The Initiative is a response to research findings from the National Study of Youth and Religion, which, according to the Lilly Foundation’s Request for Proposal, found “parents are the single most important influence in shaping the religious beliefs, values and practices of their children.”
The Foundation established this new Initiative because studies also show that parents need and want support and guidance from churches and other Christian organizations to help them “navigate the challenges of raising children today.”
Grant recipients were awarded as much as $1.25 million each for five years.
The 77 recipients included a variety of churches, from Catholic to Pentecostal, and were multi-ethnic. Awardees also included colleges and universities, seminaries, religious camps and publishing houses.
Some more recognizable grantees included MOPS International, Wheaton College, University of Notre Dame, Loyola Press, Marquette University, Assemblies of God, Church of the Nazarene and Boston University.
According to the Lilly Foundation, these organizations will collectively serve many kinds of family structures in addition to the traditional two-parent families, including single-parent families, blended families, foster families, immigrant families, families with children with special needs and families with children who have experienced trauma.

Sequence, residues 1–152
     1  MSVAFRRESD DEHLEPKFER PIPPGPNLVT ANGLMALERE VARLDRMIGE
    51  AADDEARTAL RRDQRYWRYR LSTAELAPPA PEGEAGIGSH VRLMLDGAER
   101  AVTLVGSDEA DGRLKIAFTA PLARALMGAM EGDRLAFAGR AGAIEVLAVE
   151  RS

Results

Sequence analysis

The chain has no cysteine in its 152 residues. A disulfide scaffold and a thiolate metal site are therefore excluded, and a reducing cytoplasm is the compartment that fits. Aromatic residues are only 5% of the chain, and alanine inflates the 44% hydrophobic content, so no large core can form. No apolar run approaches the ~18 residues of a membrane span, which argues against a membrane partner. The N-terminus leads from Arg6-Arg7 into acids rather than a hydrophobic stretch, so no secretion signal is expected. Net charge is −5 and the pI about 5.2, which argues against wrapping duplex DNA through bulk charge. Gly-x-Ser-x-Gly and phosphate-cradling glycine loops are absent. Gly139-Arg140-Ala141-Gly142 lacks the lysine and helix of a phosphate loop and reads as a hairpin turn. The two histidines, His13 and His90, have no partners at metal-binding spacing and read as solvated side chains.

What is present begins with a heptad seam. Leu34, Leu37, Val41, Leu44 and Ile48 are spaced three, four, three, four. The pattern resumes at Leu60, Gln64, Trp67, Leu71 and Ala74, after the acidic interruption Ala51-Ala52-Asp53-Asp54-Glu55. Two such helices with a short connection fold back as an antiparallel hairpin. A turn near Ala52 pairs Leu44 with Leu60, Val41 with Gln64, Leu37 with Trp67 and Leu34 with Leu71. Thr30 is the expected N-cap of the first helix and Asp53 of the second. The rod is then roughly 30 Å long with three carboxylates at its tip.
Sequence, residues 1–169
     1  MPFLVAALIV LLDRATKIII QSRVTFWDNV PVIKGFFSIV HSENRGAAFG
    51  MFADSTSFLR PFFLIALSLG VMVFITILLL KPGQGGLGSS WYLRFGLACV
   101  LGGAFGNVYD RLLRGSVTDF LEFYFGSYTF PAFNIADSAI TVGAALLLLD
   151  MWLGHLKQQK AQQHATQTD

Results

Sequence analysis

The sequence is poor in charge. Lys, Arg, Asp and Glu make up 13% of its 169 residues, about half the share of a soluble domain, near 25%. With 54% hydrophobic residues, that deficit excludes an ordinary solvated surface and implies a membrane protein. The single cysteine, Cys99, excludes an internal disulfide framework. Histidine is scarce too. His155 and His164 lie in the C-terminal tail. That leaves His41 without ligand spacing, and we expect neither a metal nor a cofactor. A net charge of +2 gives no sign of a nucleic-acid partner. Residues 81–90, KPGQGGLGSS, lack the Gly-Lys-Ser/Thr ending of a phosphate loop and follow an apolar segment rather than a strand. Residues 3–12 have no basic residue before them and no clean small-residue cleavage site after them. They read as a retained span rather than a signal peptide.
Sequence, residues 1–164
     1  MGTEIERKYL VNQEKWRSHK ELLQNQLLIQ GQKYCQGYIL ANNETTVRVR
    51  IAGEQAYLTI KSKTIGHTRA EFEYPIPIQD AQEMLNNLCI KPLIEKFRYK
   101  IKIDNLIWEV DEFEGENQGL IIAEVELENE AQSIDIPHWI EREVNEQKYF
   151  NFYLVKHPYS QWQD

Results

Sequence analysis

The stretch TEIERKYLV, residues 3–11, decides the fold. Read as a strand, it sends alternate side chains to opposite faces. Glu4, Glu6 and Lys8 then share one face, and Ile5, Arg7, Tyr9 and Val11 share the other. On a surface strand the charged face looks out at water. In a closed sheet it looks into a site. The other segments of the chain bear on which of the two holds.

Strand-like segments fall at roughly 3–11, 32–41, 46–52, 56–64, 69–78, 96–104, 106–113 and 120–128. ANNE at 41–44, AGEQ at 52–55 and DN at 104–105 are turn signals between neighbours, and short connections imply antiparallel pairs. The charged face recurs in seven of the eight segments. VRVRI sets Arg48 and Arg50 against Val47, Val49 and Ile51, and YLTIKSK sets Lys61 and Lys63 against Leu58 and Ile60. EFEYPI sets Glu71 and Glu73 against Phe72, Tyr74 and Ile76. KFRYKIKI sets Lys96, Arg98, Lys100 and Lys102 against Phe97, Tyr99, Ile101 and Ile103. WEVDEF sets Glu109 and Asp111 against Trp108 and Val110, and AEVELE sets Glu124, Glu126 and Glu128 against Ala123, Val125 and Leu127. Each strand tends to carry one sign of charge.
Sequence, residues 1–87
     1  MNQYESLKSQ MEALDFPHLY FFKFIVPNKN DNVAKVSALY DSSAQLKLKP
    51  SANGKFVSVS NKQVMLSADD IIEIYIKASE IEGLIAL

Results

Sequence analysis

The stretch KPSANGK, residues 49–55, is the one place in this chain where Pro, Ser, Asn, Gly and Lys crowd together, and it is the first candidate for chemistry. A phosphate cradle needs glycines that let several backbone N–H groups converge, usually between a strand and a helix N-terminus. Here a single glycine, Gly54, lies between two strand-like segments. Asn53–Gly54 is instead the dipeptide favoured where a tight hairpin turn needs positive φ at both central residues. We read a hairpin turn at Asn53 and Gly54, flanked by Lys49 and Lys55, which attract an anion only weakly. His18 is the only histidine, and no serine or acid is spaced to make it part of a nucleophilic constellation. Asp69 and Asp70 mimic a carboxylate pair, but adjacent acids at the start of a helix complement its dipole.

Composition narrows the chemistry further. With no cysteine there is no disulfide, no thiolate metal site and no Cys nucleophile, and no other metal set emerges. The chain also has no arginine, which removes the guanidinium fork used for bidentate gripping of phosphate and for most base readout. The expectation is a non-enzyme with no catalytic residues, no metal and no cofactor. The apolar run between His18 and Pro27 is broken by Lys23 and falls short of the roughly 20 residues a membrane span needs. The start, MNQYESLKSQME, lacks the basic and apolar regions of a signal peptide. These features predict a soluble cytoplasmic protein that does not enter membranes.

Some of these organizations will produce resources to assist families in developing “faith-based rituals to help their children grow spiritually” through prayer, scripture readings and storytelling. Other awardees will provide “peer-coaching programs and offer training” to parents and caregivers so they can confidently share their faith with their children.
The Lilly Endowment was formed in 1937 by J.K. Lilly Sr. and his sons Eli and J.K. Jr. The family made their wealth in the pharmaceutical sector through their family-owned business, Eli Lilly and Company.
Lilly and his sons created the foundation to support community development, education and religion.
According to the Foundation, the primary aim of their religious grantmaking is to “deepen and enrich the lives of Christians in the United States” by “seeking out and supporting efforts that enhance the vitality of congregations and strengthen the pastoral and lay leadership of Christian communities.”
Since its inception, the Endowment has given away nearly $11 billion to over 10,000 charitable organizations.
In an era when many businesses and their philanthropic foundations seem to have gone woke to earn favor from radical special interest groups, it is more than refreshing to know that there are still organizations, like the Lilly Foundation, who see the value of helping families preserve the Christian faith for the next generation and are willing to fund those efforts.
To learn more about the Foundation and the type of initiatives it seeks to fund, visit Lilly Endowment.
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